I was attracted to the Diva Eve Clothing Swap to the extent that (okay I do know that this is the wrong thing to say about a clothing swap held in the garment district) I felt like a moth drawn to light source.

The reason for my enthusiasm: this event combined female community with donating to charity. All unclaimed clothing was given to the New York City Rescue Mission and House of Life, a charity dedicated to helping young women in South Africa escape human trafficking and involuntary prostitution. House of Life, located in Durban and run by New York social worker Petra Luna, focuses upon rescuing women who are forced to be prostitutes and teaches them legal job market skills. (Since female sexual slavery is the most unsocially superlative thing I can think of, I will simply direct those who want further information to Nicholas Kristof’s New York Times editorials on the subject.)

When I entered the Stitch Bar & Lounge, a welcoming and attractive venue which generously contributed to the evening’s success, I was warmly greeted by the event’s organizer Suzanne Agasi (the founder and director of Clothing Swap, Inc

[www.clothingswap.com]). Suzanne told me that she has been hosting clothing swaps for seventeen years! Seventeen years?

Swaps first emerged on the social radar screen two years ago. Suzanne is very definitely a female bonding and ecology pioneer. And the best part of her endeavor is that she enables little known charities to benefit from the swaps she organizes.  Her efforts to combine community, ecology, and charity generate a win-win situation for all involved.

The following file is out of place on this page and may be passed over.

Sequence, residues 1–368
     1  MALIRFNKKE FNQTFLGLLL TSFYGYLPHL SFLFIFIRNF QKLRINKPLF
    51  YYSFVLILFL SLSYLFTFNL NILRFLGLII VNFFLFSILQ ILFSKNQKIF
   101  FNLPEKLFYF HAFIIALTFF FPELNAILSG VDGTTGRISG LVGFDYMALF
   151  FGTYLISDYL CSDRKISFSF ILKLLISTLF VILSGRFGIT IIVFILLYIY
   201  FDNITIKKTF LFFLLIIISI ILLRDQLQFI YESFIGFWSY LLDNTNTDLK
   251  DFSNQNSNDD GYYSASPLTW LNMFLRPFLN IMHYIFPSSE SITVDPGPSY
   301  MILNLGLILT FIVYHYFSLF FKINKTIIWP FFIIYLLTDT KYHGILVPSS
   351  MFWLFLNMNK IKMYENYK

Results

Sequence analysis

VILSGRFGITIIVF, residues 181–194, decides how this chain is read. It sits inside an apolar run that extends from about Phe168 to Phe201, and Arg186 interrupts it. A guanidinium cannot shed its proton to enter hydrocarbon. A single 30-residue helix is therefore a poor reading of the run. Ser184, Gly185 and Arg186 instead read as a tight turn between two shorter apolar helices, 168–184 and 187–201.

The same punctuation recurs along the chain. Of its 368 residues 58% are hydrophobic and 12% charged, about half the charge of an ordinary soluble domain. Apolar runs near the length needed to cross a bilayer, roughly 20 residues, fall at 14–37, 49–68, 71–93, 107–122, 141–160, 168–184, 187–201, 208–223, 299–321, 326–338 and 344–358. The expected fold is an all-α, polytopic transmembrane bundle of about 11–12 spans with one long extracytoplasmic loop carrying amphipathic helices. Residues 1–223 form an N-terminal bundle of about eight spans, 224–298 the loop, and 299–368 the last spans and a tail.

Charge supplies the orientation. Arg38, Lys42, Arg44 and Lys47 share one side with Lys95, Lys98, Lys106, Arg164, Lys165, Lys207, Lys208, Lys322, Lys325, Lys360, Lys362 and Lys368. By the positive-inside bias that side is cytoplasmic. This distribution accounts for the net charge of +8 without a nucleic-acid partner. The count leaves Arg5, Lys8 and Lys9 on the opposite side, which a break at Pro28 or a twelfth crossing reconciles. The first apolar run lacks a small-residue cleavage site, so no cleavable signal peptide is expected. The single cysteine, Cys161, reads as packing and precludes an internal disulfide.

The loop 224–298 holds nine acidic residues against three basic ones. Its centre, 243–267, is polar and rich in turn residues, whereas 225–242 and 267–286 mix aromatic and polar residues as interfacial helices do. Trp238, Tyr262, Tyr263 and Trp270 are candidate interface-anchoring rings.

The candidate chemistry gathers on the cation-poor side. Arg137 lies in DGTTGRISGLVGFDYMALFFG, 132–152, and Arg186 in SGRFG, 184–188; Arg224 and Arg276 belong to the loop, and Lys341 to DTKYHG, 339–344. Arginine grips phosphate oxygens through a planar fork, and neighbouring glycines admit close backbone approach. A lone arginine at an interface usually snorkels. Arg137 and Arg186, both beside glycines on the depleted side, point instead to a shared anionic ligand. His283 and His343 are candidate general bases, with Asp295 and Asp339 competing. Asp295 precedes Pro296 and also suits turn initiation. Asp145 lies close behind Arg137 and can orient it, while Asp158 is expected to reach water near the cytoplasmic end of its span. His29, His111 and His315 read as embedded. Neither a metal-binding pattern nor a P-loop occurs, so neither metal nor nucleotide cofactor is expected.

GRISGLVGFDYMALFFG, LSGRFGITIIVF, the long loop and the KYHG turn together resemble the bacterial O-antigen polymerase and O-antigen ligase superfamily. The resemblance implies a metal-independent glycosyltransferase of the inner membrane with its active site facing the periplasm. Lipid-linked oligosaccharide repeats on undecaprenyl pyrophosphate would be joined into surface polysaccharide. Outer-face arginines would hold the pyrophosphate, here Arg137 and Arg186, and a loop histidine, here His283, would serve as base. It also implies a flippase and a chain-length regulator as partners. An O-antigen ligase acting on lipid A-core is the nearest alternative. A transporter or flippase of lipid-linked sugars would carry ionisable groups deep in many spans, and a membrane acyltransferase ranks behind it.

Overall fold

The scene at Stitch Bar consisted of women-with brown paper shopping bags in hand, searching for new trends and taking  their clothes to try on their acquisitions to then trade them up for money at the Flyp store. (Men were barred from the swap area in the bar.) Even though the event was crowded, everyone behaved in an exceedingly polite-sisterly-manner. In order to be able to fit into the clothes, I did not have any of the delicious egg roll appetizers. Truth be told, even if I passed up two billion fried appetizers, I could never fit into the clothes brought by the exceedingly thin women. Luckily, I did benefit from the generosity of my fellow zaftig participants.

I had a great time at this woman-centered event which helped great charitable causes. When I left Stitch Bar while clutching my brown paper bag filled with clothes enroute to their new home in my apartment, I hoped that Suzanna Agasi becomes a new Martha Stewart for the twenty first century.

– Marleen